On 2 May 2017, SoundCloud released an application for Xbox One, set as the basis for the beta desktop version to be released later that month. It was released only missing a few features compared to the desktop beta, mainly 'shuffle', the ability to cast a song from an external device, and the ability to go forward or backward in a playlist without using Cortana. All of which were fixed in a patch, released later on.

On 30 May 2017, SoundCloud released the "SoundCloud for Windows (Beta)" desktop application to the Windows 10Microsoft Store (digital). It was released missing many core features that were in SoundCloud's mobile apps such as 'repeat', and basic animations. It also lacked many features from the previous "SoundCloud Desktop app for Mac" incarnation, such as application specific volume control, and the ability to upload and manage tracks from the client. However, the application included voice control via Microsoft's Cortana, and unlike the previous desktop application, it supported all tracks regardless of their 3rd-party application playback availability. The app (as of 2020) has not been updated nor changed from its initial release, leading many to believe that—as with the previous application—SoundCloud is struggling to manage the desktop application in conjunction with their mobile and web versions.[91][92]

In 2021, Chromium-based platforms such as Microsoft Edge began support for websites to become applications. In SoundCloud's case, downloading "SoundCloud for Windows (Beta)" from the digital Microsoft Store would showcase this feature.

Reception[edit]

Recognition[edit]

SoundCloud won the Schroders Innovation Award at the 2011 European Tech Tour Awards Dinner.[93][94] In 2012, SoundCloud was named Best International Startup at the TechCrunchCrunchies award ceremony.[95] In 2015, SoundCloud won two Webby Awards, the Webby Award and People's Choice Award for Best Streaming Audio app.[96]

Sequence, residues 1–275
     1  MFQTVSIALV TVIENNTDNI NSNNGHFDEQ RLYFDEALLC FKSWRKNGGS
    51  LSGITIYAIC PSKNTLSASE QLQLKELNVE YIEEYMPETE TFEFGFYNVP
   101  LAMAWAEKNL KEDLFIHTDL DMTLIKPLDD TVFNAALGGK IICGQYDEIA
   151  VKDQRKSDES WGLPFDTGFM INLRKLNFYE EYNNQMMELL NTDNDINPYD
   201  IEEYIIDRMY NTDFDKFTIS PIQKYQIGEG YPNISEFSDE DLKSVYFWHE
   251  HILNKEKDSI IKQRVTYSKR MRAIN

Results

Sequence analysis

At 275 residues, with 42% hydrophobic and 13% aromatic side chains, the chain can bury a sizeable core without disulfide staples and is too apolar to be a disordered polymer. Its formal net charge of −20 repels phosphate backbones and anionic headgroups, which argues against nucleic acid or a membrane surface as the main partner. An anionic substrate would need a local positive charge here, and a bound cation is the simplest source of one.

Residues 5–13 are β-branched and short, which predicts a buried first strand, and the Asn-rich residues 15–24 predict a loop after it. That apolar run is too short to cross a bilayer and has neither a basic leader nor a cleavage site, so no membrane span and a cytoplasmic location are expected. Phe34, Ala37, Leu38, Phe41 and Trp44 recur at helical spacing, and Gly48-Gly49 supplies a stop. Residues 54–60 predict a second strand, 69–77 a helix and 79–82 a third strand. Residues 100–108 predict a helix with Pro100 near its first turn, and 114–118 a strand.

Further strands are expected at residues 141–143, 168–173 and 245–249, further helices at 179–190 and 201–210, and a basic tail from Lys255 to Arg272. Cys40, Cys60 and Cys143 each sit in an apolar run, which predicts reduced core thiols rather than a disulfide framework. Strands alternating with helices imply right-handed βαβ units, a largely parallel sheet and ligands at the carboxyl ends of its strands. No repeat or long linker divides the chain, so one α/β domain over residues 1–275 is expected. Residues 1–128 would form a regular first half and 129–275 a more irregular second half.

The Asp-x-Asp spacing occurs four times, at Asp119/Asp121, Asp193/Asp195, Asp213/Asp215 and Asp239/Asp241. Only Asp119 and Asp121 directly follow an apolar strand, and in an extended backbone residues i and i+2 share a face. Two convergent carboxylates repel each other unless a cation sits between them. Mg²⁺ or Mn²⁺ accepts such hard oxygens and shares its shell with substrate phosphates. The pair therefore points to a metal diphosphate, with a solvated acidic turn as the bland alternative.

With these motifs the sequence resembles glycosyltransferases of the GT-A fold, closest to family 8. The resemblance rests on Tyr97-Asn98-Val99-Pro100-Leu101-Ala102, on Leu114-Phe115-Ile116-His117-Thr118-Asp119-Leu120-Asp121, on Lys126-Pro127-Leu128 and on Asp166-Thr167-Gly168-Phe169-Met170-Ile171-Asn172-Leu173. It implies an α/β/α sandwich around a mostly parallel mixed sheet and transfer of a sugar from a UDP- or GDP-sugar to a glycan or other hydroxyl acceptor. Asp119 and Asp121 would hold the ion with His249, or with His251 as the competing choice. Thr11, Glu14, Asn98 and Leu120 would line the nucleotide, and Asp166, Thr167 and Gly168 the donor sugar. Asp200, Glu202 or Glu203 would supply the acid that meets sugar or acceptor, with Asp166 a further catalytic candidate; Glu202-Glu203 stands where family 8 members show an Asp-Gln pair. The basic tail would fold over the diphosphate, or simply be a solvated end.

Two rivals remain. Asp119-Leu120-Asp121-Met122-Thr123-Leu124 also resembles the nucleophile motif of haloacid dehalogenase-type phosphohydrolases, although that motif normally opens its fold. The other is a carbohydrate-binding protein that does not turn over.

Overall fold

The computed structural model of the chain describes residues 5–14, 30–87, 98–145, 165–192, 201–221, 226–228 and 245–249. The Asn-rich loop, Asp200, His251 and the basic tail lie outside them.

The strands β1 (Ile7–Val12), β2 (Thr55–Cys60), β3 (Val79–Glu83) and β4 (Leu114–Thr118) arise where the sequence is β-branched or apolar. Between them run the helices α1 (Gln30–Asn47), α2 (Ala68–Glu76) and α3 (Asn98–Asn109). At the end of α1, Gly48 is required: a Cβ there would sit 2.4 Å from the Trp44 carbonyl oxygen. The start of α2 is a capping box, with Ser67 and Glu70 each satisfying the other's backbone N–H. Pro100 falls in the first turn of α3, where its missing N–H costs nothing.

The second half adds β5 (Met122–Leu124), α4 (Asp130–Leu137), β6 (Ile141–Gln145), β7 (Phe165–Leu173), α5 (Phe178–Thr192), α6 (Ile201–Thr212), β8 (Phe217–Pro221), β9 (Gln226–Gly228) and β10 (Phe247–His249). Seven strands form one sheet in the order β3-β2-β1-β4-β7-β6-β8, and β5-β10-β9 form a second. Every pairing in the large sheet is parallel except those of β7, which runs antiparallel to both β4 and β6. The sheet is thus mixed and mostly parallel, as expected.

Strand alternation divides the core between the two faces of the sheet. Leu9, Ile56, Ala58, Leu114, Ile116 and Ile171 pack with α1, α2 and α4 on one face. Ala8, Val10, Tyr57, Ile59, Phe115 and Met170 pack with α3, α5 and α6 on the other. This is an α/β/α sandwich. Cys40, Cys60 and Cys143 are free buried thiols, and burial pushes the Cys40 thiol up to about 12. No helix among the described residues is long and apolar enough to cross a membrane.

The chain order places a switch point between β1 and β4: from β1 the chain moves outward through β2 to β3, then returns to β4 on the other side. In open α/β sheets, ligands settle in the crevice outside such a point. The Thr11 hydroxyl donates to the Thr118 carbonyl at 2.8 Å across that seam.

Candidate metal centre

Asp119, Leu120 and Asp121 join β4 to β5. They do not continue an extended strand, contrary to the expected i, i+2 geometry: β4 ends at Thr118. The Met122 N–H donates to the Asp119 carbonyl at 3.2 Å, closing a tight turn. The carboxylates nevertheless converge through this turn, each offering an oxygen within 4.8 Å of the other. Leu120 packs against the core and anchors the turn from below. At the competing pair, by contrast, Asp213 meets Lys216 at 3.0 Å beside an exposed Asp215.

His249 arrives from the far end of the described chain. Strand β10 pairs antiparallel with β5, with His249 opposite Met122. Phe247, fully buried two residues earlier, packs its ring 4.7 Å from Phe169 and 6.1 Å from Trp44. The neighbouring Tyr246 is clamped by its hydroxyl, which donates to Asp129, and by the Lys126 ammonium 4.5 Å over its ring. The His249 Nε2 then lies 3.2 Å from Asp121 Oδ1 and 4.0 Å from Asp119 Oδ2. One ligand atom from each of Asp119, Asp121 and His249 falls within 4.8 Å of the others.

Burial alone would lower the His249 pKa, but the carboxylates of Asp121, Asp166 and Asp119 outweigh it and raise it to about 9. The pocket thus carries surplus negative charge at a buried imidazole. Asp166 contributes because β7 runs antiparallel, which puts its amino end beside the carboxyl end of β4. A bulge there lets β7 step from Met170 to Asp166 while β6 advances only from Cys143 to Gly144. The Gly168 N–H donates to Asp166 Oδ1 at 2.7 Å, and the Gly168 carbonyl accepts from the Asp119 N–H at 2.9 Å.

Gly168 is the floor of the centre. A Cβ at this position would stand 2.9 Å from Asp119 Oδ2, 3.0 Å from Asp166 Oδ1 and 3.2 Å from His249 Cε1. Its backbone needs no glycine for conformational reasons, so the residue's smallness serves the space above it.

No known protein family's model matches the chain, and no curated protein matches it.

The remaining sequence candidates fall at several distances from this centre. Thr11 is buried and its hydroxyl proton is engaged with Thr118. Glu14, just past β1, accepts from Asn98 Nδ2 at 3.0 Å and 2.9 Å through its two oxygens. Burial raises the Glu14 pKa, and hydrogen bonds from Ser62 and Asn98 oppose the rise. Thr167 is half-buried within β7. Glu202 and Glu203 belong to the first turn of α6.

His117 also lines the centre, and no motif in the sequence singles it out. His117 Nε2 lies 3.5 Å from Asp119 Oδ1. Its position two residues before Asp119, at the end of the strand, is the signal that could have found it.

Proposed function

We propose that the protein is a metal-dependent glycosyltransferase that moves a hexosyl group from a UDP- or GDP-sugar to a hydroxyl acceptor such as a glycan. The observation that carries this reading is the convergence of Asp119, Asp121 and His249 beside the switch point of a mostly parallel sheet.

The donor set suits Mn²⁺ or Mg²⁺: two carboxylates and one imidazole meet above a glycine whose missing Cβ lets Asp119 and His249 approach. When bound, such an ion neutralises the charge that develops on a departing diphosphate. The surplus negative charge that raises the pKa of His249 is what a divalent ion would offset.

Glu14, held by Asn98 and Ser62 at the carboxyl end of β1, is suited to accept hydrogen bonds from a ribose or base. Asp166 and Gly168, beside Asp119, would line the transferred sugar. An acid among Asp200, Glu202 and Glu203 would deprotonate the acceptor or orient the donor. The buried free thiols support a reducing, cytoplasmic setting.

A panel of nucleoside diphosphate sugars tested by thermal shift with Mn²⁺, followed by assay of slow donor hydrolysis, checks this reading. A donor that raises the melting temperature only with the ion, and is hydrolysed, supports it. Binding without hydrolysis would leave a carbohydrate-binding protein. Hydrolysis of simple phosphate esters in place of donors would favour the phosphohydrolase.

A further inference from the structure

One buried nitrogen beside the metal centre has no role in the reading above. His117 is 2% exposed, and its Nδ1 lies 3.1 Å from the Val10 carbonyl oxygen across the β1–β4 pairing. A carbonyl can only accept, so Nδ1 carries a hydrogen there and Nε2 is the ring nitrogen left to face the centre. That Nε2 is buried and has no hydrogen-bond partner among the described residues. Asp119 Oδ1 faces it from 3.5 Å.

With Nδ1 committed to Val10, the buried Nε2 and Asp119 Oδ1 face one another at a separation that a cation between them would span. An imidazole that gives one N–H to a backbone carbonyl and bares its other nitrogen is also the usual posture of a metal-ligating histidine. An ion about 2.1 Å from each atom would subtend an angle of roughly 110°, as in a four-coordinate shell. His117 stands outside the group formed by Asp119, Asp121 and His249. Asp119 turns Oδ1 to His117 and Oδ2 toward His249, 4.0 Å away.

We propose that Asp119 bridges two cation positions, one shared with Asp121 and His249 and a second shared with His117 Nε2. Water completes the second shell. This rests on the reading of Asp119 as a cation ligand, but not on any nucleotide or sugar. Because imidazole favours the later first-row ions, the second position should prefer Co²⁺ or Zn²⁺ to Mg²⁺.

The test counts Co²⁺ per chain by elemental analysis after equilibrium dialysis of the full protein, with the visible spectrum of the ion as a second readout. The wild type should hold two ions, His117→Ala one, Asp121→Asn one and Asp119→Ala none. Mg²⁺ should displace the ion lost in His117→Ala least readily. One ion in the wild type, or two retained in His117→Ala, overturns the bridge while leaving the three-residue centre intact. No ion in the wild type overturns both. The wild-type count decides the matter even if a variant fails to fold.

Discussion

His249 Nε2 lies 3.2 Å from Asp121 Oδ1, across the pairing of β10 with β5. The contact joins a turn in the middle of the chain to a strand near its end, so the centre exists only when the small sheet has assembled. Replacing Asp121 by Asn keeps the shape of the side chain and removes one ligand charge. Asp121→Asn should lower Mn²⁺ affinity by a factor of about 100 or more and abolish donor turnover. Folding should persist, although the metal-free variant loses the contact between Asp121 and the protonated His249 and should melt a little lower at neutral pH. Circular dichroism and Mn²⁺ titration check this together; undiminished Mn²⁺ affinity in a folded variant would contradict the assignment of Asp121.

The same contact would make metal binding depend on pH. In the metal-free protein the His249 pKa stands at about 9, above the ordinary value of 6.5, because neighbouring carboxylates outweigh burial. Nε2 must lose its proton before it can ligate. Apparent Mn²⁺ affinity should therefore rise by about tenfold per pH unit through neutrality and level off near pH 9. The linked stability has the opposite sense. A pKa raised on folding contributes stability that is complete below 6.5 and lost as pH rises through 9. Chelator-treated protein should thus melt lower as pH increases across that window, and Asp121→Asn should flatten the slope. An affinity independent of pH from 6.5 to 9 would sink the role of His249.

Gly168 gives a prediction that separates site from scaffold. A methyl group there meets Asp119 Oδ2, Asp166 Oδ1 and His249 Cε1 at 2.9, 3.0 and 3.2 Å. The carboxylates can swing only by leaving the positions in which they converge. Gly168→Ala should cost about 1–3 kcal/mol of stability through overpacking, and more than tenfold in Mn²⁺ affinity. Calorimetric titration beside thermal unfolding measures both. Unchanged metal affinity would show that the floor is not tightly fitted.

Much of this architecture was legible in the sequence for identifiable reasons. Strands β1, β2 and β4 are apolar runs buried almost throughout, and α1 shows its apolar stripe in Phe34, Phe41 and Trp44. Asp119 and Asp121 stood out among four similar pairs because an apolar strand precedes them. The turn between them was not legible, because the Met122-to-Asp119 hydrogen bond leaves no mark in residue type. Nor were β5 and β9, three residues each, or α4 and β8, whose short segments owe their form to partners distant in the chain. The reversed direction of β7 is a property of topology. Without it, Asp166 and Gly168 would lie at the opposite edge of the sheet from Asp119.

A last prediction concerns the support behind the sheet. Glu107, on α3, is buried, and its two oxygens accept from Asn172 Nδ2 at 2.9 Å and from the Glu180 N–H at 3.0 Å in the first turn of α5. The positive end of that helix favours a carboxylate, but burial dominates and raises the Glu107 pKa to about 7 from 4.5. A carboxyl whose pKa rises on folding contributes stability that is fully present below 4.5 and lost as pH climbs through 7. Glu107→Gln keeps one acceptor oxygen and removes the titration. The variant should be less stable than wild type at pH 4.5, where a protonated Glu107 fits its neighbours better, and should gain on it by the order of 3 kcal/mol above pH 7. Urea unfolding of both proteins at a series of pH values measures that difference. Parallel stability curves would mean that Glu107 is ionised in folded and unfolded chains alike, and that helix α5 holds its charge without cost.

Criticism[edit]

As SoundCloud evolved and expanded beyond its initial user base, consisting primarily of grassroots musicians, many users complained that it had sacrificed its usefulness to independent artists in an attempt to appeal to the masses, perhaps in preparation for public sale. Such criticism particularly followed the launching of a revamped website in 2013 which, according to former CEO Alexander Ljung, was implemented for the purpose of increasing SoundCloud usage.[97]

On 3 July 2014, TorrentFreak reported that SoundCloud offered unlimited removal powers to certain copyright holders, allowing those copyright holders to unilaterally remove paid subscribers' content without recourse.[98][99]

In April 2015, SoundCloud announced a new partnership with Zefr, a content tracking company that works with YouTube to help identify songs on the platform and facilitate either takedowns or ads being run against it. Zefr states it will "better understand the sharing of content on the platform." Some users are worried it could mean a stricter copyright enforcement and more ads.[100]